Two separate studies published this week had somewhat contrasting findings regarding the safety of influenza A(H1N1) vaccine.
The 2009 pandemic influenza vaccine appeared to slightly increase the risk for Guillain-Barre syndrome among adults, but the vaccine was not associated with preterm birth or birth defects when given to pregnant women, according to two studies published online in the Journal of the American Medical Association.
In the first study, Philippe De Wals, MD, PhD, of Laval University, Quebec City, Canada, and colleagues assessed the risk of GBS following pandemic influenza vaccination in the fall of 2009 through March 2010.
During the 6-month period, the researchers noted 83 confirmed GBS cases. Twenty-five patients with confirmed GBS had been vaccinated against 2009 influenza A (H1N1) 8 or fewer weeks before disease onset, with most (19/25) vaccinated 4 or fewer weeks before onset. Analysis of data indicated “a small but significant risk of GBS following influenza A(H1N1) vaccination.”
The number of cases attributable to vaccination was approximately 2 per 1 million doses. The excess risk was observed only in patients aged 50 years or older, according to the study findings.
“In Quebec, the individual risk of hospitalization following a documented influenza A(H1N1) infection was 1 per 2,500 and the risk of death was 1/73,000. The H1N1 vaccine was very effective in preventing infections and complications. It is likely that the benefits of immunization outweigh the risks,” the authors wrote.
In the second study, Björn Pasternak, MD, PhD, of the Statens Serum Institut, Copenhagen, Denmark, and colleagues looked at data from a registry-based study that included all live-born singleton infants in Denmark delivered between Nov. 2, 2009, and Sept. 30, 2010. The researchers estimated the prevalence odds ratios of adverse fetal outcomes, comparing infants exposed and unexposed to an AS03-adjuvanted influenza A (H1N1)pdm09 vaccine during pregnancy. Following exclusions, a cohort of 53,432 live-born infants was identified with 6,989 (13.1%) exposed to the vaccine during pregnancy.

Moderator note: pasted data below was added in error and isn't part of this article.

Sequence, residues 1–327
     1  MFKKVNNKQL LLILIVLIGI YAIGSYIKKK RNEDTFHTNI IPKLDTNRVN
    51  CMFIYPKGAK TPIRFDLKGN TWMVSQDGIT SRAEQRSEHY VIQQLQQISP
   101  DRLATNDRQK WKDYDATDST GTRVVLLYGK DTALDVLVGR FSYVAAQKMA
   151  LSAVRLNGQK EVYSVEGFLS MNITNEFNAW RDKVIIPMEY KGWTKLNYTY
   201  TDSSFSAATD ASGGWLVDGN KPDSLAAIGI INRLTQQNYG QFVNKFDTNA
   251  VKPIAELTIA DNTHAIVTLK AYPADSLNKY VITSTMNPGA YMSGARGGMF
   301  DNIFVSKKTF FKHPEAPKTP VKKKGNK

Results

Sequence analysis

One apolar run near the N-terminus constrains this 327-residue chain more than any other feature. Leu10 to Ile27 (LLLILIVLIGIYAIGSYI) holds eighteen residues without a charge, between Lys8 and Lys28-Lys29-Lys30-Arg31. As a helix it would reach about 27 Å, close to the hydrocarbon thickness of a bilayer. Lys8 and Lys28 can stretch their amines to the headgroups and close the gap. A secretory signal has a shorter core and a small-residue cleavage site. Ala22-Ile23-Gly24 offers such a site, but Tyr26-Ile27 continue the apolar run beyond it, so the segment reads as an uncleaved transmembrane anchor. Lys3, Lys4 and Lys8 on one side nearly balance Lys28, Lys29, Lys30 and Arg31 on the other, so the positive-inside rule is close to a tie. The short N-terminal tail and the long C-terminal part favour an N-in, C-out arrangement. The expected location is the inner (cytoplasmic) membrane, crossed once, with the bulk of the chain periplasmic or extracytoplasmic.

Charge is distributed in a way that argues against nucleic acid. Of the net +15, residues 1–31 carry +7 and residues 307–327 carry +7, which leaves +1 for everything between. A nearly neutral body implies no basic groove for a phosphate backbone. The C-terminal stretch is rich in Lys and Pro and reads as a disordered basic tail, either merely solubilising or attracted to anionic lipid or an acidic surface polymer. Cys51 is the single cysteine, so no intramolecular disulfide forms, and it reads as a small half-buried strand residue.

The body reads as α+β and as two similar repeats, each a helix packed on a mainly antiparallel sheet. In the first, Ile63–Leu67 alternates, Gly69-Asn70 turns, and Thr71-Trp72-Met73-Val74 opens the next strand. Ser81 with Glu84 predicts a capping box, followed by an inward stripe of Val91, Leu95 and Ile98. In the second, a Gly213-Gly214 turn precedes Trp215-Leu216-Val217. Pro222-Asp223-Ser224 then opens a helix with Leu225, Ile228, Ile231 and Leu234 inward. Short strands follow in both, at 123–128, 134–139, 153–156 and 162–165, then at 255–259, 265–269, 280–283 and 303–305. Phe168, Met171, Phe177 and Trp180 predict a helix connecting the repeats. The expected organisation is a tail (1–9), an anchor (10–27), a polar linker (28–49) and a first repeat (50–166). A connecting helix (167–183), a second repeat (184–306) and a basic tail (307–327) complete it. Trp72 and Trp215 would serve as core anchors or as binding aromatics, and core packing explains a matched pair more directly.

In a propensity score-matched analysis of 330 infants exposed to the vaccine in the first trimester of pregnancy and 330 unexposed, there were 18 infants diagnosed with a major birth defect among those exposed compared with 15 among the unexposed. Among infants exposed to the H1N1 vaccine in the first trimester, 31 were born preterm compared with 24 among the unexposed. Preterm birth occurred in 302 of 6,543 infants with second- or third-trimester exposure, compared with 295 of 6,366 unexposed infants.
In an accompanying editorial written by Mark C. Steinoff, MD, and Noni E. McDonald, MD, MSc, the authors mention how these studies mostly alleviate concern about safety of adjuvanted pandemic vaccines during pregnancy; however, they encourage more studies of pandemic influenza vaccines during pregnancy and vaccine adjuvants.
Disclosure: The first study was funded by the Ministere de la Sante et des Services sociaux du Quebec and by the Public Health Agency of Canada-Canadian Institutes for Health Research Influenza Research Network. The second study was funded by the Danish Medical Research Council. No researcher reported any conflicts of interest.
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